Once the dominion of ranchers and retirees, the valley has taken on outlaw qualities. Lookouts are posted at entrances off the highway. Armed robberies are frequent. In 2018, deputies seized seven guns during raids on illegal farms. Last year, they found 66. This spring, police were summoned to one farm to fetch two intruders left tied to a fence post.

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In August, four men who appeared to be in their 30s surrounded a Times photographer parked along the public highway outside Mount Shasta Vista, where he had stopped to document water trucks in the distance filling up at a hay farmer’s well. One of the men took out a tire iron and began hitting the photographer’s car, denting the body and smashing the rear windshield and a sideview mirror.

Another told him: “The only reason you don’t have a bullet in your head right now is because you are talking to me.”

Two years ago, masked assailants attacked a Mount Shasta Vista grower and his companions, tied them up and killed the grower. Police suspect it was an execution. It remains unsolved.

Also that summer, three men from Southern California carrying AR-15-style assault rifles tried to rob growers. In the ensuing shootout, one of the men was killed and his wounded accomplices fled on foot through the rocky cannabis farms, calling 911 to beckon police to their rescue. That killing also remains unsolved.

So do the killings of two Hmong women from Milwaukee in 2019. They were shot on a cannabis farm near the Oregon state line, where another enclave has settled, rarely visited by police.

Since 2016, at least eight cannabis growers in Siskiyou County have died of carbon monoxide poisoning as they tried to keep warm with charcoal braziers and unventilated generators, according to coroner records obtained by The Times. The body of a ninth carbon monoxide victim was found last year dumped on the side of Interstate 5, wrapped in his sleeping bag. Police have no clue where he died, but they presume it was a cannabis operation. Six of the dead were Hmong.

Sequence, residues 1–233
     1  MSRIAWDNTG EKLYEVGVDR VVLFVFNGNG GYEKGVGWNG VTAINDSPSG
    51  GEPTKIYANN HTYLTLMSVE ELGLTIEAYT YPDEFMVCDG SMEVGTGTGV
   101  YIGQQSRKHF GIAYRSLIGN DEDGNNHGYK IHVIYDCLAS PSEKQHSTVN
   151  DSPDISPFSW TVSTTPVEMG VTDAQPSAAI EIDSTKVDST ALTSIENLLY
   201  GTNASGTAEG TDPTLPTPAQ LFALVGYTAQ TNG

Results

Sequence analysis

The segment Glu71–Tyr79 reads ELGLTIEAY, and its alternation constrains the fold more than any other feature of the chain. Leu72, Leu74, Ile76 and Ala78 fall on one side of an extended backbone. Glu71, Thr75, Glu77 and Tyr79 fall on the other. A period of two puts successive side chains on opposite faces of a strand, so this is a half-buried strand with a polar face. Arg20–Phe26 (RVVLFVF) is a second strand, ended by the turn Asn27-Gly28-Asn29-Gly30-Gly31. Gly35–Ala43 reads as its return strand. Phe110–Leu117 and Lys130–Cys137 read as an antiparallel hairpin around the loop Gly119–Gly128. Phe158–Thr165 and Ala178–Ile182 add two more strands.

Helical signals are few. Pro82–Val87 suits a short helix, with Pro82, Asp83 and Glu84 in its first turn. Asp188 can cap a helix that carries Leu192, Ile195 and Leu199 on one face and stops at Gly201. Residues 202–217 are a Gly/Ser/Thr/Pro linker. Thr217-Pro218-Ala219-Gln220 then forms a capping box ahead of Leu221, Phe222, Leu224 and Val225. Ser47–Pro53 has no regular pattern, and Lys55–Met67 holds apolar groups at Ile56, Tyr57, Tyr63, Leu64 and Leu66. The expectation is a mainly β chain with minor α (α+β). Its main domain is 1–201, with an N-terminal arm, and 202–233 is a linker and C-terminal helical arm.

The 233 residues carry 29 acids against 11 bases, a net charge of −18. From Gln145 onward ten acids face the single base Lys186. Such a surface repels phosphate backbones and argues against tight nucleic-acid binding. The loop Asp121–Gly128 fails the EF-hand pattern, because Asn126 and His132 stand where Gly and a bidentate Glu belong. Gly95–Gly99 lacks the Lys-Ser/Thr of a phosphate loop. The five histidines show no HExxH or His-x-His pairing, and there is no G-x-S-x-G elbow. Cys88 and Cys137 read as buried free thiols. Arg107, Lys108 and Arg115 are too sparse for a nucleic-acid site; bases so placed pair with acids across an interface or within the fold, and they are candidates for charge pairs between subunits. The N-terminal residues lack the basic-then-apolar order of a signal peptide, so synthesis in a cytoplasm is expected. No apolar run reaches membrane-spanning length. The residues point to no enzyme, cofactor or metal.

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Detective Sgt. Cory Persing commands the county drug enforcement unit, wrestling not just with cannabis but fentanyl, meth and everything else. The five-person unit is down to two, Persing and another sergeant, so they must call for volunteers from the jail to staff raids.

Because of the Proposition 64 prohibition barring counties that do not permit commercial growing from state enforcement grants, they rely on funding from the federal Drug Enforcement Agency.

The ballot measure also dramatically lowered the cost of business for illegal operators, reducing the criminal penalty for unlicensed cultivation from a felony punishable with time behind bars to a $500 misdemeanor no matter how large the crop. To bring a felony case that might shut down an operation, state prosecutors must find other charges. That requires investigators.

Persing has none.

He is caught in an endless cycle of writing search warrants and ripping out plants. Nine out of 10 grows go untouched. He has returned to raided farms three days later to find them back in operation.

A water delivery truck rumbles down a dusty cinder road in the Mount Shasta Vista community.

On a sunny day last October, Persing’s team hit four small growing camps. Alerted by the lookouts, the growers had fled by the time the convoy arrived. Only a penned dog was left, snarling and snapping, a pile of dry food on the ground kicked through the bars as though even its owners were afraid to get close.

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Officers used a mini-dozer to raze cannabis beneath a hoop house built out of PVC pipe, while Persing peered inside one of the plywood sheds used for habitation. He laid the search warrant and a receipt for 157 pounds of seized cannabis on a mattress set on two-by-fours, beside an empty rifle case.